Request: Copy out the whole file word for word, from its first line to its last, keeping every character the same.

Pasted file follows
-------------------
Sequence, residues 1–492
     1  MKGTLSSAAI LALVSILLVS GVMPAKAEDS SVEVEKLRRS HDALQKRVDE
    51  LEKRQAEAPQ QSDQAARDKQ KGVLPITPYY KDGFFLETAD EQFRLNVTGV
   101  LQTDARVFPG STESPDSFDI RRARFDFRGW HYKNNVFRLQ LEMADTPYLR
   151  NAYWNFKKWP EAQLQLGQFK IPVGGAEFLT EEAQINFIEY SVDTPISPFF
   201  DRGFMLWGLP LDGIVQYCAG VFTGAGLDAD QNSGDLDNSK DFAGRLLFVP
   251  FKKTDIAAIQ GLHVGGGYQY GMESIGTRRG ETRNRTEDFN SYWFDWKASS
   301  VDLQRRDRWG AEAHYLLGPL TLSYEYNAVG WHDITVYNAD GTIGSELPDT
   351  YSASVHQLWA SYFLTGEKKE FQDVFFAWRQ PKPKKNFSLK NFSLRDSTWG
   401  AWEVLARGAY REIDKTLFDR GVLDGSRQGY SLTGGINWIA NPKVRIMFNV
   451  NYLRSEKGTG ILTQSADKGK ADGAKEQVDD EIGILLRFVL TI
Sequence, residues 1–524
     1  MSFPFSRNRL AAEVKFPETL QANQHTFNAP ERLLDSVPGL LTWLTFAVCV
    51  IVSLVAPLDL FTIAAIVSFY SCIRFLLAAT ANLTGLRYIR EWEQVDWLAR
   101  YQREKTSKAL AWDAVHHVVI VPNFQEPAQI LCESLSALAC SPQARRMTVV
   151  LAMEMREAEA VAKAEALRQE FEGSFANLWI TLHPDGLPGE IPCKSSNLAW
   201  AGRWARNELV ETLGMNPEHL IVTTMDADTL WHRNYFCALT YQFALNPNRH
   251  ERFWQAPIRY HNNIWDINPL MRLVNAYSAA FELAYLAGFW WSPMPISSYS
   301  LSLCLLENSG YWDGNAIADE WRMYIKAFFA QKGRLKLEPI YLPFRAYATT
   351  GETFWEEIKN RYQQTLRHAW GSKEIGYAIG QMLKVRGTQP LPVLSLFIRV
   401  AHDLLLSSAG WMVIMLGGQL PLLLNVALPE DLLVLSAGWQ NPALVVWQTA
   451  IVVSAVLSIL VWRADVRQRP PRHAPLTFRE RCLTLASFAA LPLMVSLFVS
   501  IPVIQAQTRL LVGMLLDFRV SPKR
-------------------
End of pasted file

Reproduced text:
Sequence, residues 1–492
     1  MKGTLSSAAI LALVSILLVS GVMPAKAEDS SVEVEKLRRS HDALQKRVDE
    51  LEKRQAEAPQ QSDQAARDKQ KGVLPITPYY KDGFFLETAD EQFRLNVTGV
   101  LQTDARVFPG STESPDSFDI RRARFDFRGW HYKNNVFRLQ LEMADTPYLR
   151  NAYWNFKKWP EAQLQLGQFK IPVGGAEFLT EEAQINFIEY SVDTPISPFF
   201  DRGFMLWGLP LDGIVQYCAG VFTGAGLDAD QNSGDLDNSK DFAGRLLFVP
   251  FKKTDIAAIQ GLHVGGGYQY GMESIGTRRG ETRNRTEDFN SYWFDWKASS
   301  VDLQRRDRWG AEAHYLLGPL TLSYEYNAVG WHDITVYNAD GTIGSELPDT
   351  YSASVHQLWA SYFLTGEKKE FQDVFFAWRQ PKPKKNFSLK NFSLRDSTWG
   401  AWEVLARGAY REIDKTLFDR GVLDGSRQGY SLTGGINWIA NPKVRIMFNV
   451  NYLRSEKGTG ILTQSADKGK ADGAKEQVDD EIGILLRFVL TI
Sequence, residues 1–524
     1  MSFPFSRNRL AAEVKFPETL QANQHTFNAP ERLLDSVPGL LTWLTFAVCV
    51  IVSLVAPLDL FTIAAIVSFY SCIRFLLAAT ANLTGLRYIR EWEQVDWLAR
   101  YQREKTSKAL AWDAVHHVVI VPNFQEPAQI LCESLSALAC SPQARRMTVV
   151  LAMEMREAEA VAKAEALRQE FEGSFANLWI TLHPDGLPGE IPCKSSNLAW
   201  AGRWARNELV ETLGMNPEHL IVTTMDADTL WHRNYFCALT YQFALNPNRH
   251  ERFWQAPIRY HNNIWDINPL MRLVNAYSAA FELAYLAGFW WSPMPISSYS
   301  LSLCLLENSG YWDGNAIADE WRMYIKAFFA QKGRLKLEPI YLPFRAYATT
   351  GETFWEEIKN RYQQTLRHAW GSKEIGYAIG QMLKVRGTQP LPVLSLFIRV
   401  AHDLLLSSAG WMVIMLGGQL PLLLNVALPE DLLVLSAGWQ NPALVVWQTA
   451  IVVSAVLSIL VWRADVRQRP PRHAPLTFRE RCLTLASFAA LPLMVSLFVS
   501  IPVIQAQTRL LVGMLLDFRV SPKR